What about divorce?
As a church we believe in the Holy Covenant of Marriage as laid out in Scripture. There are principles in Scripture, however, by which we can appropriately view and reconcile the dissolution of the covenant of marriage.
We recognise divorce as a biblical option under the following conditions:
- Continued infidelity and adultery.
- Spousal, physical, sexual and/or severe emotional abuse.
- Abuse of the children, physically or sexually.
- An unbelieving spouse desiring and committed to ending the marriage.
On the grounds of irreconcilable differences we take the view that marriage counselling should be entered into for a period of time that is necessary to bring unity, oneness, love and peace back into the marriage.
If one spouse is willing to work on and restore the marriage and the other spouse continues the process of divorce, then we believe the individual has done all that is possible and should consider allowing a period of separation. If no positive changes occur, they should accept the finality of a divorce settlement.
When two individuals both profess faith in Christ and believe themselves to be under the Lordship of Jesus Christ, we do not condone the ending of the marriage for the following personal reasons:
- I was married too young.
- I was not prepared for marriage.
- I feel stifled in my personal life.
- I feel emotionally neglected.
- I am emotionally in love with someone else.
- We are no longer in love.
- We do not share common interests.
- We argue and fight constantly.
- Our sex life is unfulfilling.
We believe these marital struggles and differences may be resolved with the help of counselling if both parties are willing to make the effort. The process of divorce should not be entered into lightly. The couple should recognise the devastating effects this process may have on their lives.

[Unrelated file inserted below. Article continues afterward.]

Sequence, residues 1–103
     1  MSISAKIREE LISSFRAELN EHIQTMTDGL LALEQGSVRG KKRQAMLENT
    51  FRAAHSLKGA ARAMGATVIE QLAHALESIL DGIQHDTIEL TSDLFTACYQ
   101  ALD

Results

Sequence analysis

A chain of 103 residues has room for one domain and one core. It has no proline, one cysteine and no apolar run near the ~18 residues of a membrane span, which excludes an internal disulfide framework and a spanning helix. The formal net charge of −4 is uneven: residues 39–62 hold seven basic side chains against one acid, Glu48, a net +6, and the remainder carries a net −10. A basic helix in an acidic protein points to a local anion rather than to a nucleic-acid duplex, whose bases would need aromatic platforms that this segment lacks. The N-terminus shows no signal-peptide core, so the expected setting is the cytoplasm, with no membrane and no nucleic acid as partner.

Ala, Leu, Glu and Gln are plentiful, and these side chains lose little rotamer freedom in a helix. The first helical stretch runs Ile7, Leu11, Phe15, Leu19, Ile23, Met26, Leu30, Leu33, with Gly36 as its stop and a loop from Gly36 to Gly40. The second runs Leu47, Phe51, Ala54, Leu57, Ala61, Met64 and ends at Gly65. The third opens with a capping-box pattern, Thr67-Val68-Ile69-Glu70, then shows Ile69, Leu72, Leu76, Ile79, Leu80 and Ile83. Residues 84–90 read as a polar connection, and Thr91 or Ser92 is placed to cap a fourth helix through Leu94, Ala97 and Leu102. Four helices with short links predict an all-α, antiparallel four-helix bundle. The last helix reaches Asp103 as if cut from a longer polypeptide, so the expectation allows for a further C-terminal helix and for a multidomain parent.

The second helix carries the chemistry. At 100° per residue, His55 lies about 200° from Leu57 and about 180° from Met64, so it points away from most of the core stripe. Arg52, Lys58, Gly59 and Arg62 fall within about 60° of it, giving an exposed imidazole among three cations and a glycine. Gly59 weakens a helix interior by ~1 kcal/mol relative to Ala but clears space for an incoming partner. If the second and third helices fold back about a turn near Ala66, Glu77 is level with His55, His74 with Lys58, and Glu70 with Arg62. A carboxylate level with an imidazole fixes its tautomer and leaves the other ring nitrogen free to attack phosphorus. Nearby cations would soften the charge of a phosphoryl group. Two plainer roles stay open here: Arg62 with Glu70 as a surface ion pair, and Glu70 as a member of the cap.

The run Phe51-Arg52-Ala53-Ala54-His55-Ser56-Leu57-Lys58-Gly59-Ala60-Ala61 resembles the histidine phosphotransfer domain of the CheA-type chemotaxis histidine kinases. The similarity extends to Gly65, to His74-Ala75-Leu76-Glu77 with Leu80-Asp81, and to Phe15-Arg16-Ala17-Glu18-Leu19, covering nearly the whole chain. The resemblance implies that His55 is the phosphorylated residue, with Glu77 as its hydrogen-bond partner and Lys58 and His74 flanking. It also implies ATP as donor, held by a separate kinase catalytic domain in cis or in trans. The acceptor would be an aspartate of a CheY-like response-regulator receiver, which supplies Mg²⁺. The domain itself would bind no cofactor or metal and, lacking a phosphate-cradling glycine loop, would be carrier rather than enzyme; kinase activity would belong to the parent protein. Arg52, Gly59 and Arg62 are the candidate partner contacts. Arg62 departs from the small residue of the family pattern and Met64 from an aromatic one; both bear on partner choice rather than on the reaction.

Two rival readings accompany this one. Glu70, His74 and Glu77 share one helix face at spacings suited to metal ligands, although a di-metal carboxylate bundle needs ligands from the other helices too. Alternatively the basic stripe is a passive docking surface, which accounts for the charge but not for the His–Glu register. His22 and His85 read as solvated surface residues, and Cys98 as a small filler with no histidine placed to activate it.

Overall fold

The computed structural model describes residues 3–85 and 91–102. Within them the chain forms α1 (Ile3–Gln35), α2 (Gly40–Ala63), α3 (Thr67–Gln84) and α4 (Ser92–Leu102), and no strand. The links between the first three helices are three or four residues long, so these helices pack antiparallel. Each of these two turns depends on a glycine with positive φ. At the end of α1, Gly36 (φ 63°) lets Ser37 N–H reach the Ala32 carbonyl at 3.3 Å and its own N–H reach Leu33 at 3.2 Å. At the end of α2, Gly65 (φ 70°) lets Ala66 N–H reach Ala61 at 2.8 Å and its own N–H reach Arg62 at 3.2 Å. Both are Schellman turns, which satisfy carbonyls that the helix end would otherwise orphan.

Divorce and remarriage
We believe in remarriage. We ask that a person pursue counselling and recommend a period of 1 to 2 years between divorce and remarriage.
Leadership and divorce
The requirements and the process for church leaders, elders and pastors are dealt with on a different basis because of the effects on the ministry. These may require more government and, if necessary, discipline. If after counselling the minister is found to be without fault, stepping out of ministry will be for a season of restoration. However, if the minister is found to be unrepentant and continues in a state of hardness of heart, rebellion or sin, stronger measures may be taken. The senior pastors reserve the right to pray and determine the process.
We recognise the pain, stress and disruption to an individual and family during the process of divorce. We therefore require the stepping out of ministry responsibility for a season of restoration and healing.
End of statement. (A full copy with Appendices may be requested from the church office.)